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November 27, 2020 6:52 am

The UAE Has Much to Offer Israeli Investors

avatar by Jitendra Gianchandani / JNS.org

Opinion

The municipality building is lit in the United Arab Emirates national flag following the announcement of a deal to normalize relations between Israel and the United Arab Emirates, in Tel Aviv, Israel August 13, 2020. Photo: REUTERS/Ammar Awad

JNS.orgWith the signing of the historic Abraham Accords, the United Arab Emirates (UAE) has opened its doors to Israeli investors, who can now avail themselves of a myriad of lucrative opportunities by setting up businesses in the Emirates.

The move coincides with the introduction of a wide range of economic reforms in the UAE, regarding which Israelis would be wise to educate themselves on before investing.

Here are a few key pieces of information for prospective investors:

The UAE has always been a lucrative prospect for foreign businessmen. However, the UAE has been reluctant to allow foreigners to hold 100% of mainland companies’ shares, especially companies with a limited liability structure (LLCs). The government has now made significant amendments to the Commercial Companies Law through Cabinet Resolution No. 16 of 2020 allowing foreigners to fully own such companies. The previous requirement to have a UAE national as a local sponsor holding 51% of the shares has been scrapped.

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The UAE’s free zones have been at the forefront of the deals inked with Israeli companies following the September 15 signing of the Abraham Accords. These zones have their own set of highly flexible regulations. They are regulated by free zone authorities and are unaffected by many aspects of UAE corporate law — a big benefit for the Israeli investors.

Free zones allow 100% ownership, total repatriation of capital, and the entire process of business setup can be completed in a matter of days. Most of the free zones in the UAE are industry-specific, providing a robust ecosystem for company formation. 

Dubai has long recognized the contributions of start-ups and SMEs (small and mid-sized enterprises) in propelling the economy to greater heights. SMEs contribute more than 90% of Dubai’s local GDP, and their growth prospects are highly promising. Free zones and government-funded organizations such as Dubai SME and Dubai Startup Hub provide immense financial backup.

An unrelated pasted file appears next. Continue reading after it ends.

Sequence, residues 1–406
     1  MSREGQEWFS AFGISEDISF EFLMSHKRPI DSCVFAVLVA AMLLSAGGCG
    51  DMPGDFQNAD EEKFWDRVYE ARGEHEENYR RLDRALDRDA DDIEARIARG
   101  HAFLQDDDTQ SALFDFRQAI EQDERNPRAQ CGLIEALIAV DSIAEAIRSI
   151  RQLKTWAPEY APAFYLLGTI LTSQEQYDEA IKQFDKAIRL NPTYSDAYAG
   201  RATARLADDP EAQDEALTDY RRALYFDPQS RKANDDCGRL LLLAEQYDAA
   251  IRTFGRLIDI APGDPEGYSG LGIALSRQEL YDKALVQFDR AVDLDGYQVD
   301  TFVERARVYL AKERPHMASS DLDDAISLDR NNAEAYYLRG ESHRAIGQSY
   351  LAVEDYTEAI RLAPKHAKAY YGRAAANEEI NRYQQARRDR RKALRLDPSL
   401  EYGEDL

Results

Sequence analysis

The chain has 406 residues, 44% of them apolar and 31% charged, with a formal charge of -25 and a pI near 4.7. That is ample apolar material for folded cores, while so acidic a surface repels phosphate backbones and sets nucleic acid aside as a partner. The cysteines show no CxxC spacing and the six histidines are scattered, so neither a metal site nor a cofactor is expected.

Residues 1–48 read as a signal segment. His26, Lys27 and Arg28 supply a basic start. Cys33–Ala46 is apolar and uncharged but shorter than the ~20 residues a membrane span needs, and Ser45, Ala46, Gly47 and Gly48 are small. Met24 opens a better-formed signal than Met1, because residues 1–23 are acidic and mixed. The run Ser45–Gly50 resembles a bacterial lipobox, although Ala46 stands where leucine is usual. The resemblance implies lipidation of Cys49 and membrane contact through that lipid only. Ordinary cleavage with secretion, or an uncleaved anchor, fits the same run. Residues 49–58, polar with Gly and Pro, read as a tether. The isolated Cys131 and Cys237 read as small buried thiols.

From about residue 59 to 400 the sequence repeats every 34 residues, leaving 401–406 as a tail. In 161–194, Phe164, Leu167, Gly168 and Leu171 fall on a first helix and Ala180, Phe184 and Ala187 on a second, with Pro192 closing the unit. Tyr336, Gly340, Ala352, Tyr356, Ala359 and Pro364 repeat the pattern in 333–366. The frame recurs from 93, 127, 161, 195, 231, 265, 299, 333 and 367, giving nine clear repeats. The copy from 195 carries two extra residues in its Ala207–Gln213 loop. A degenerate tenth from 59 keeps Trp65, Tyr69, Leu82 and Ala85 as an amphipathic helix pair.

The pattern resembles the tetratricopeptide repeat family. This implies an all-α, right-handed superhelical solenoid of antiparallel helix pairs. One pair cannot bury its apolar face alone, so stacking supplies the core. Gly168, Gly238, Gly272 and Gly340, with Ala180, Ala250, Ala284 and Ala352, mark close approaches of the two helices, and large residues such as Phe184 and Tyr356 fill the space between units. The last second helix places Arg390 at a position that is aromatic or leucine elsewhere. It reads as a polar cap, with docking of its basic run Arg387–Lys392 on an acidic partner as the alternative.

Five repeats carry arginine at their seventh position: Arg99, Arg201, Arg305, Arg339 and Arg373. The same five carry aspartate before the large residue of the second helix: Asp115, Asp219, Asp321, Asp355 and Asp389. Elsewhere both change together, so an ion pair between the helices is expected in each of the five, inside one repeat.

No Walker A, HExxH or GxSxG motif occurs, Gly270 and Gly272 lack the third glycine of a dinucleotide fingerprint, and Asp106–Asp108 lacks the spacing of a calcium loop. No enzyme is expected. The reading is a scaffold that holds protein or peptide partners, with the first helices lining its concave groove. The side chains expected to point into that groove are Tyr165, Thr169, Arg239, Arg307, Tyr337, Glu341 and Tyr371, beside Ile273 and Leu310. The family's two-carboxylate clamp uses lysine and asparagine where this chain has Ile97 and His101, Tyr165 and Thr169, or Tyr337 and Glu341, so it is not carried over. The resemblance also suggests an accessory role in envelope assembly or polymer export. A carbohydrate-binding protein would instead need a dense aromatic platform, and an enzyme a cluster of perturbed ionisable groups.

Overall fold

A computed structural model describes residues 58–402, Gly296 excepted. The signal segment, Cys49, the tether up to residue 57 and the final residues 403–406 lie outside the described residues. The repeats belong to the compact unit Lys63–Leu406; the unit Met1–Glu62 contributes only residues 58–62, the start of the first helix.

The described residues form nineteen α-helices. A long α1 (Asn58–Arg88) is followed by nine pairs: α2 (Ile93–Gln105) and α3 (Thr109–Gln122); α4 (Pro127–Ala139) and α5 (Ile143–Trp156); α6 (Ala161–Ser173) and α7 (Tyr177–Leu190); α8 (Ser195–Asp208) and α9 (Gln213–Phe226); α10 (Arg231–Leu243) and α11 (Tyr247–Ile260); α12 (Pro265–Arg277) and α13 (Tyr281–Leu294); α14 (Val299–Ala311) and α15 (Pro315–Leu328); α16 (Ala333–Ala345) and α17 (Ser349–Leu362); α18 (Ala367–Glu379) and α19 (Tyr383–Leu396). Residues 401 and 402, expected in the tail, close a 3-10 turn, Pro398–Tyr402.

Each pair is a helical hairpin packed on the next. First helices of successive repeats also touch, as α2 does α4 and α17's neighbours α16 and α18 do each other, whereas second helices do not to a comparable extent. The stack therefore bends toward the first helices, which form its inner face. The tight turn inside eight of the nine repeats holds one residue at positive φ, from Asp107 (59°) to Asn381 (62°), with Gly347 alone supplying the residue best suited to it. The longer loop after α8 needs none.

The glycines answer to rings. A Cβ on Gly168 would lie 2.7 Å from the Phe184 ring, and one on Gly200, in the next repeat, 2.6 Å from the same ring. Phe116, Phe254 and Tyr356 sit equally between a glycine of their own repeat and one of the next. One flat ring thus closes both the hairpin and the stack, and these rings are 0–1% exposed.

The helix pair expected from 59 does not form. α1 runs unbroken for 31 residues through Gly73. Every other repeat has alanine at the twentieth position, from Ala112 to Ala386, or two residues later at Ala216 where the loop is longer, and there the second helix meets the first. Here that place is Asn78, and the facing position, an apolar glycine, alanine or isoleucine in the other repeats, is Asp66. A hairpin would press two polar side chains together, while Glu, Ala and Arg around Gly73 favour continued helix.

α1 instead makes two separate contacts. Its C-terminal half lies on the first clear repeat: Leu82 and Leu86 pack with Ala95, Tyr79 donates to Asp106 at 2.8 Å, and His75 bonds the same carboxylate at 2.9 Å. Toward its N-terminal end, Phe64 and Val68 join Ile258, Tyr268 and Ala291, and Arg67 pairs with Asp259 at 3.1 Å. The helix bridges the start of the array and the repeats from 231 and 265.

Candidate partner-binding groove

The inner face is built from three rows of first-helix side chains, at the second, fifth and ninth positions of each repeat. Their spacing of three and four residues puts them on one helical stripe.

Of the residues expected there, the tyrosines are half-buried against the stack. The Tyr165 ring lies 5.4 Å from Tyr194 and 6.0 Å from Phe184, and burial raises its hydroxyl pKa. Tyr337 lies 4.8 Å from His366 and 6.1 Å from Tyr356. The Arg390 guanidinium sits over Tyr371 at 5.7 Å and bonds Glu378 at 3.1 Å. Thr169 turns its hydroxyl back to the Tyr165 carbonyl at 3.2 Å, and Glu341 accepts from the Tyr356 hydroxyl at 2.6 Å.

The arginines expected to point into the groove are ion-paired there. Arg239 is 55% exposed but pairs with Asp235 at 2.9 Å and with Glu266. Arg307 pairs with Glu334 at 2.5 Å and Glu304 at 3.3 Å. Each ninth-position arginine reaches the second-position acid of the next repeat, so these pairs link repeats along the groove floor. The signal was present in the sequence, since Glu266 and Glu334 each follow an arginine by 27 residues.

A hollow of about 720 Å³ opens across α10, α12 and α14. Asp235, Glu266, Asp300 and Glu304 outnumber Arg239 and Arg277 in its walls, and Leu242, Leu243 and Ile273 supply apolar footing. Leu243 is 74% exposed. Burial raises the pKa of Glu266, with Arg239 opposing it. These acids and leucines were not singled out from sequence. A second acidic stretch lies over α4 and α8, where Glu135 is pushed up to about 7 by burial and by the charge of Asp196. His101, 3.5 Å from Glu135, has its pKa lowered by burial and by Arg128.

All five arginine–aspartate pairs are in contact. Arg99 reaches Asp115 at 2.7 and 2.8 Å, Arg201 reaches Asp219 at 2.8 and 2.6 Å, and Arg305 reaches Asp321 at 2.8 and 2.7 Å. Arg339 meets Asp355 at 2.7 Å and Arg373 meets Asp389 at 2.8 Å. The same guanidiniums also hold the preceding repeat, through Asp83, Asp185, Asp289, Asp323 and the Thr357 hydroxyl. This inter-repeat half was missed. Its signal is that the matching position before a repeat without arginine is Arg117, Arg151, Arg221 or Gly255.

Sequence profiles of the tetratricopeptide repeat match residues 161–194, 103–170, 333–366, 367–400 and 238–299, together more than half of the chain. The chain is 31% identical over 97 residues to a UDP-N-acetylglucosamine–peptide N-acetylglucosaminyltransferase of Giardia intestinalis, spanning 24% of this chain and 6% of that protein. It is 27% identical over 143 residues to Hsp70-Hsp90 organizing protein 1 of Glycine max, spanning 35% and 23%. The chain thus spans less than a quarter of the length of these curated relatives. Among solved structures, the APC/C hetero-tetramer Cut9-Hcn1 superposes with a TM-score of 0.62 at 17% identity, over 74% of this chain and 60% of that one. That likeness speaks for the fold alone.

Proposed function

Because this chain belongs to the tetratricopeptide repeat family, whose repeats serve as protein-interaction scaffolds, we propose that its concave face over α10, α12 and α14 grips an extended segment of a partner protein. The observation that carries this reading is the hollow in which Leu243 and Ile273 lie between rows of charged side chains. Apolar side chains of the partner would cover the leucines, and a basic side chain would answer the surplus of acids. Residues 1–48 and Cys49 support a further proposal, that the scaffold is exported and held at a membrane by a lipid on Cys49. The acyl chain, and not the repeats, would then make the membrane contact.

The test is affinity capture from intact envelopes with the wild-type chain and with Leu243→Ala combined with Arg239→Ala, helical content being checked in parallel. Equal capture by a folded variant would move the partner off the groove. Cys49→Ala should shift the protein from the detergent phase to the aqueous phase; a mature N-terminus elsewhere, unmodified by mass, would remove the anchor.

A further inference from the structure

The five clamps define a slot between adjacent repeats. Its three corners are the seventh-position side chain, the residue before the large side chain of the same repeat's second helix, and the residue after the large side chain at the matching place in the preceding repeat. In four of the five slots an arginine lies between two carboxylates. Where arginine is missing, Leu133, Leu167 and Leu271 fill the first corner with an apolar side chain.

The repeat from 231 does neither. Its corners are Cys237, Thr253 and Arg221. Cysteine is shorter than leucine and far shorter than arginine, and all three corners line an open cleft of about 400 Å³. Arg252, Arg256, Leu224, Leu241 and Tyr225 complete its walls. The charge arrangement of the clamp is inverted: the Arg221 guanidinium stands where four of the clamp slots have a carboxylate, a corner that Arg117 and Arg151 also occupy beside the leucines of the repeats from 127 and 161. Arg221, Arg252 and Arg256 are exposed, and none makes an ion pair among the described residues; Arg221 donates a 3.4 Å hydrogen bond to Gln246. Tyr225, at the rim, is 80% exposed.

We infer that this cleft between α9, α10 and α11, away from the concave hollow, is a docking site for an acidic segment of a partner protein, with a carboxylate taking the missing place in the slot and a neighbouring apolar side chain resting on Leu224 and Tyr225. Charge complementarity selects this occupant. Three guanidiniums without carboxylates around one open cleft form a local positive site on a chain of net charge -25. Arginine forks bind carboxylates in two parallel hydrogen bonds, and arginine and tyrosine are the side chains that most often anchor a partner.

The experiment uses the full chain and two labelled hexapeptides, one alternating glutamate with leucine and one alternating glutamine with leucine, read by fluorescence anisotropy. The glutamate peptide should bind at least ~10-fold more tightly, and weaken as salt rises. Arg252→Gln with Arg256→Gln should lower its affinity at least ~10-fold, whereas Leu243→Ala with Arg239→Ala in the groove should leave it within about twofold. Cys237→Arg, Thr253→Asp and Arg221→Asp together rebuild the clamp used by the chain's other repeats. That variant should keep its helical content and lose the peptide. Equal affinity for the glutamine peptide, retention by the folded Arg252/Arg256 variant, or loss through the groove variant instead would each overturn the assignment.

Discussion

Israeli start-ups may find plenty of opportunities to set up shop in Dubai as the government here has given special focus to encouraging innovation. Free zones such as Dtec, DIFC, and DMCC provide a favorable environment for setting up such businesses. Also, setting up an office space in mainland UAE has become cost-effective due to the immense popularity of co-working spaces. 

Incorporating in Dubai is a great way to lower tax liabilities. The UAE doesn’t impose income tax or corporate tax on investors. The only taxes the UAE levies are the Value Added Tax (VAT), which is a mere 5%, and the Excise Tax (applicable only for companies trading in alcohol, tobacco, or carbonated energy drinks). This lower tax burden is a serious competitive edge.

By forming a company in Dubai, Israeli entrepreneurs can gain access to the high quality of living standards the city offers. Dubai has always been hailed as one of the safest cities in the world. Israel and the UAE have also agreed upon a mutual visa-waiver program, rendering travel between the two countries much easier, and enabling investors to build more and better business relationships and enhance profitability. The Investor Visa, Golden Visa, and the newly introduced Retirement Visa also make Dubai an attractive opportunity for Israelis.

Jitendra Gianchandani is the chairman of Jitendra Business Consultants, a leading business setup service provider headquartered in Dubai.

The opinions presented by Algemeiner bloggers are solely theirs and do not represent those of The Algemeiner, its publishers or editors. If you would like to share your views with a blog post on The Algemeiner, please be in touch through our Contact page.

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